The recent spell of global warming peaked in 1998 - a full decade ago - with each year subsequently recording cooler temperatures (and in the case of the recent winter in the Northern Hemisphere, extremely cold). There is an interesting debate taking place (even though we're told 'the debate is over') which suggests, according to Don Easterbrook, that we may have entered a thirty year cycle of cooling (with the next cycle of warming due some time after 2020).
The BBC's More or Less programme has got in on it with a wager between two climate watchers about whether we'll see a year warmer than 1998 by 2011. If we do then it will be pretty clear that we are still in a warming phase (with all the implications for human involvement in global warming and responsibility for doing something about it). If we don't then it suggests that the global cooling proponents may have got it right (this time).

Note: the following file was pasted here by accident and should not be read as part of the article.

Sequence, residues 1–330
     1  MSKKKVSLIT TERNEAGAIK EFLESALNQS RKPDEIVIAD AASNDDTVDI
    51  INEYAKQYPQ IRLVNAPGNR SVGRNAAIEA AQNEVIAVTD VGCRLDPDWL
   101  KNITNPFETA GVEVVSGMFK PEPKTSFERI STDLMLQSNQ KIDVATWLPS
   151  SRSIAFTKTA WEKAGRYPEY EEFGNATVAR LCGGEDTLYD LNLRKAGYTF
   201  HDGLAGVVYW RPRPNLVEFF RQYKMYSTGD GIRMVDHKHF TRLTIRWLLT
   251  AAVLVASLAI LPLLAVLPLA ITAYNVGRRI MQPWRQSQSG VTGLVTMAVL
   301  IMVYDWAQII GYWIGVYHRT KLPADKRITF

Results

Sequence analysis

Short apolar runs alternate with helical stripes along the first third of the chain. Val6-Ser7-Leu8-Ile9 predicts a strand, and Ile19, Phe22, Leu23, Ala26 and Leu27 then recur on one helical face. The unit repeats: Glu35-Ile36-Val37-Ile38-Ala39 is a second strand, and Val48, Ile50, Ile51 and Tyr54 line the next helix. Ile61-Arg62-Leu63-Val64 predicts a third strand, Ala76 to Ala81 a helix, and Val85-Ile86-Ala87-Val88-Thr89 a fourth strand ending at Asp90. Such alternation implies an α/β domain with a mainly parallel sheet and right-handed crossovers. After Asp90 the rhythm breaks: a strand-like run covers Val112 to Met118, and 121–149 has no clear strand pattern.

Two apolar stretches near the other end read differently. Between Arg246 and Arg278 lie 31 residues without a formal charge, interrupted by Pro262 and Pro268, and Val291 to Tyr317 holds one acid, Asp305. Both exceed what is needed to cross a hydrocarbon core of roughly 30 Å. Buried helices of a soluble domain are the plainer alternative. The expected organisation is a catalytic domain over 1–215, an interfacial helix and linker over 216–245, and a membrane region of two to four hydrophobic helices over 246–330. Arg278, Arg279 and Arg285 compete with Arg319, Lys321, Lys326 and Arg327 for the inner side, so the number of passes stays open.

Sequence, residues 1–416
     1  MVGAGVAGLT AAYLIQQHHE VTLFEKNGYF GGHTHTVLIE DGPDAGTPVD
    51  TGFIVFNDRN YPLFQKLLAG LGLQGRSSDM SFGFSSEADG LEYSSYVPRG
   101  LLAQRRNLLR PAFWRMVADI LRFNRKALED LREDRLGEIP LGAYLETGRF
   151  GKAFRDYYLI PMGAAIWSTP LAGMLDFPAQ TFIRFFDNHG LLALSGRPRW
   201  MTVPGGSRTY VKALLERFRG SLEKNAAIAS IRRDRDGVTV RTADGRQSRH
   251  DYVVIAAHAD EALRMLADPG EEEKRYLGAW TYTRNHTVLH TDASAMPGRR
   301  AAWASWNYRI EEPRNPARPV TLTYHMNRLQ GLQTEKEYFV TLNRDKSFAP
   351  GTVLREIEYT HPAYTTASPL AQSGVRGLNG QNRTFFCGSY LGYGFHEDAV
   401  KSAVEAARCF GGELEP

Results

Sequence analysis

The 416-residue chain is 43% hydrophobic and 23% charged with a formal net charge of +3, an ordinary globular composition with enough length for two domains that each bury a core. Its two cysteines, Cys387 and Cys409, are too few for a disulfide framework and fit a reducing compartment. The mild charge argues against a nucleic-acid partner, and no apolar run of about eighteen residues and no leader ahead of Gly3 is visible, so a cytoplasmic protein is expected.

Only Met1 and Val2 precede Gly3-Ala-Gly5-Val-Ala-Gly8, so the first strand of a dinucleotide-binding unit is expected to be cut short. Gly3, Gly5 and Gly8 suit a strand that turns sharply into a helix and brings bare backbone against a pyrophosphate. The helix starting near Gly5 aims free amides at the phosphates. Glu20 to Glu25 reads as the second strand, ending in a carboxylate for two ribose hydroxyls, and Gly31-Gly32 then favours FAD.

Of course there are those who don't think we have the luxury of waiting until 2011 to see which side is 'right' - James Hansen and Bill McKibben among them. Personally I think they sound like the lyrics of David Bowie's Five Years - inciting panic when panic is unwarranted. If anything it looks like we are tracking the least threatening of the IPCC's illustrative marker scenarios (see table SPM.3 on page 13). Some prudent preparations for a less benign scenario are called for in my opinion - not least because the main beneficial side effect I foresee is that we will solve the energy and food crisis before we face a real environmental crisis.
But if I was going to a 'Five Years' moment it would be about the prospect of us flipping into another ice age (the next one is 1,000 years overdue). A colder climate is far, far deadlier than a warmer climate - the former means starvation, the latter means longer growth seasons. Time, as always, will tell.